The National Safety Council calls summer the "100 deadliest days for teen drivers". There has been a lot of emphasis lately by public safety experts about the importance of reducing distracted driving. In particular, teens are often mentioned as the main culprits of texting and other usage of electronic devices while driving. Ironically, it is not the distracted driving that results in the deaths of the largest number of teens; it's not wearing a seat belt.
According to statistics compiled by the international safety watchdog "Safe Kids Worldwide," over half the teens who died during car accidents in 2012 weren't wearing their seat belts. That number is stunning when you consider that the total for teen deaths that year was 2,439.
The car maker General Motors recently sponsored a study to determine why teens ages 13-19 don't wear their seat belts. Specifically, GM wanted to figure out why passengers riding with teens failed to wear seat belts. Their findings suggest that teens simply don't remember because buckling up is not a habit. An expert with the National Safety Council believes the reason may be that teens suffer from an invincibility complex as a result of their brains not being fully developed.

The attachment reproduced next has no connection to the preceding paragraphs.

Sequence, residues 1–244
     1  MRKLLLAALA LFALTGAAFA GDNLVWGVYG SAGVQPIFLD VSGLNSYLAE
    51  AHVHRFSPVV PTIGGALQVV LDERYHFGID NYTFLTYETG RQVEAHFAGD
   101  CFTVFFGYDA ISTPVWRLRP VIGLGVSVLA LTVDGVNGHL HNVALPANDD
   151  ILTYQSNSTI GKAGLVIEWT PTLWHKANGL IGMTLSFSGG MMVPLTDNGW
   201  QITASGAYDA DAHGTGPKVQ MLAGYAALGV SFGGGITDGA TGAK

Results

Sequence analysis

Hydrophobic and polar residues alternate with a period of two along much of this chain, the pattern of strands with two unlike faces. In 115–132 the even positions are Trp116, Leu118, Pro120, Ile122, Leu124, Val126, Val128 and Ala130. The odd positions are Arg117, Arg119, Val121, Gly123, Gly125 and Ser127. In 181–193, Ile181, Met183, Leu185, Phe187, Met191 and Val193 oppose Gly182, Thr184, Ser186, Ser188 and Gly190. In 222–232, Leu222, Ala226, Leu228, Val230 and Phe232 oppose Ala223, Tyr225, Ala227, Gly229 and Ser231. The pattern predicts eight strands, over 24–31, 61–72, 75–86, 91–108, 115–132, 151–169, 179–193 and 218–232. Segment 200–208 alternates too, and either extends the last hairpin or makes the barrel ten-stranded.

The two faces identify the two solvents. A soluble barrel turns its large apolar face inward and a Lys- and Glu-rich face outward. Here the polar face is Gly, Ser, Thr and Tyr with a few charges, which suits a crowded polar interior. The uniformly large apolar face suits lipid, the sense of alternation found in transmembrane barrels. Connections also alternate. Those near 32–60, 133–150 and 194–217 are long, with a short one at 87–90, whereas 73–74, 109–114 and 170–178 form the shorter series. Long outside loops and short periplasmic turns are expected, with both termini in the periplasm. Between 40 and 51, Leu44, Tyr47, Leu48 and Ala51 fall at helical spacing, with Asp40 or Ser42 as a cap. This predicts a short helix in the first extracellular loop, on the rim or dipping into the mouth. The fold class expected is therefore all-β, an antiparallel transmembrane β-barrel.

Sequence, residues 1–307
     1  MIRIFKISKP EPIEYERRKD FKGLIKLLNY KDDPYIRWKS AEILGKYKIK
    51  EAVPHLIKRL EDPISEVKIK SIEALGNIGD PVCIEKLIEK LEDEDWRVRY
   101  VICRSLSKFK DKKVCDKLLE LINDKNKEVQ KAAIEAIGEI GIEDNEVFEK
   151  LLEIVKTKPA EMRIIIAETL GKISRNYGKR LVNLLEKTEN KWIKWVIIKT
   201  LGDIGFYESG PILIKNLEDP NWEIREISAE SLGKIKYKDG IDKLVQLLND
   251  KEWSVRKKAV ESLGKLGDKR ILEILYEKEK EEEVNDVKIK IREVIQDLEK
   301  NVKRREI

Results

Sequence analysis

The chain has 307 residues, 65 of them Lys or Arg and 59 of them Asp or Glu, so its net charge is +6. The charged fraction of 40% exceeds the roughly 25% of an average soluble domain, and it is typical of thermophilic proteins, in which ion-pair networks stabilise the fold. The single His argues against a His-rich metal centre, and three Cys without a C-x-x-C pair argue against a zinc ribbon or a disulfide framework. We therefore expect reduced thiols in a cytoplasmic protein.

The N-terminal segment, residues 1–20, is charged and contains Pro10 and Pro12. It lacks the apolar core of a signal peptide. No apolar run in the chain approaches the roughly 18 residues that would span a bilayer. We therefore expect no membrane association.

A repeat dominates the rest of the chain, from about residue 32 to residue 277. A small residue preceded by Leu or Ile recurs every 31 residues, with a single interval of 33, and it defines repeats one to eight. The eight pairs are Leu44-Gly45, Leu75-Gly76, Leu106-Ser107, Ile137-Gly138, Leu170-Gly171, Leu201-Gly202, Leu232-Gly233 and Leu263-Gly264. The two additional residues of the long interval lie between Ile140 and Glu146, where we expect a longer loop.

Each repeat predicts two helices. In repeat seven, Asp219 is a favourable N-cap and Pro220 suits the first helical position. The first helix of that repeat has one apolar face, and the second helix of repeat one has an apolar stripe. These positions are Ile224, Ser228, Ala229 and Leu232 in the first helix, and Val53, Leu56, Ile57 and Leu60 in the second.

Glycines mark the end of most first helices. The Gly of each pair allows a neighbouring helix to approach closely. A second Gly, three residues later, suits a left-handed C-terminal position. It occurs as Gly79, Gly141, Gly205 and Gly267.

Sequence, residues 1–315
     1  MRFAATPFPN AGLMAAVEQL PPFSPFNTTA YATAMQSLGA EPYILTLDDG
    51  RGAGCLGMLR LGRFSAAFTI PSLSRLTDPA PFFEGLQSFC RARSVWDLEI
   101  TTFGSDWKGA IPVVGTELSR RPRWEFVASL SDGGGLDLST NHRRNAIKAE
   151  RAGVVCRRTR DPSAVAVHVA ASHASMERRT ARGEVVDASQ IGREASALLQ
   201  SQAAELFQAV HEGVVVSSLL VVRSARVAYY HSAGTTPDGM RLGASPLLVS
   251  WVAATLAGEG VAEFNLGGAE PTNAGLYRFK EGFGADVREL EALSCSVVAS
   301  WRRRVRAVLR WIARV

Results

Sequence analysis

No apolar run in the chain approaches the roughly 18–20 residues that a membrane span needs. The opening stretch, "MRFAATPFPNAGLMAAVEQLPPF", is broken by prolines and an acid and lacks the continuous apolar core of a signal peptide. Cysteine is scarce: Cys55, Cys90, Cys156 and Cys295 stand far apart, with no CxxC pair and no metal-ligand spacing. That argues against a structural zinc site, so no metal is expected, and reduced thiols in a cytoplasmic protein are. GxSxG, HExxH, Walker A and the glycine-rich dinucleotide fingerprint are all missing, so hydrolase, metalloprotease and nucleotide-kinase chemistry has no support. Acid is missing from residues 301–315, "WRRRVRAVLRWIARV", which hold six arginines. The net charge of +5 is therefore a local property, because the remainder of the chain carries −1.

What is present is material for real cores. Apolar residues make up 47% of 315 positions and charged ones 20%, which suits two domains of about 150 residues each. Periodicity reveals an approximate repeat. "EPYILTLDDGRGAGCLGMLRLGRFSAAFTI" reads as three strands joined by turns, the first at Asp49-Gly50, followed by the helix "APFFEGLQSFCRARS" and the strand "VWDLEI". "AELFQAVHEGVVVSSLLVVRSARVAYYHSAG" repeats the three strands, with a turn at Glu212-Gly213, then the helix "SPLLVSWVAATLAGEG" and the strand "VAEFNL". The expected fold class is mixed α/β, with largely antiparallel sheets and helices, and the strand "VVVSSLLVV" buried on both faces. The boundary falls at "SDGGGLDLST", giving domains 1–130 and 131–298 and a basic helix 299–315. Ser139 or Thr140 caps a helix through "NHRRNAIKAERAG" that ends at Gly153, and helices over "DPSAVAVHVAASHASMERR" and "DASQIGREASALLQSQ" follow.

According to the GM "Teens in Cars" study, just putting the seat belt on reduces the risk of passenger riding in the front by 45 percent. The same study also found that teens that don't wear seat belts are more likely to text while driving than teens who buckle up.
Car accidents are a sad reality of our daily lives. We can teach teens safe driving habits but despite our best efforts, they still may become victims to a distracted or impaired driver. Parents of teens injured in preventable car accidents should know that a legal professional experienced in dealing personal injury lawsuits may be able to help them recover damages for their child's injuries.
Source: Chicago Tribune, "Auto accidents biggest killer of teens; lack of safety belts, inexperience to blame" Robert Duffer, Jun. 19, 2014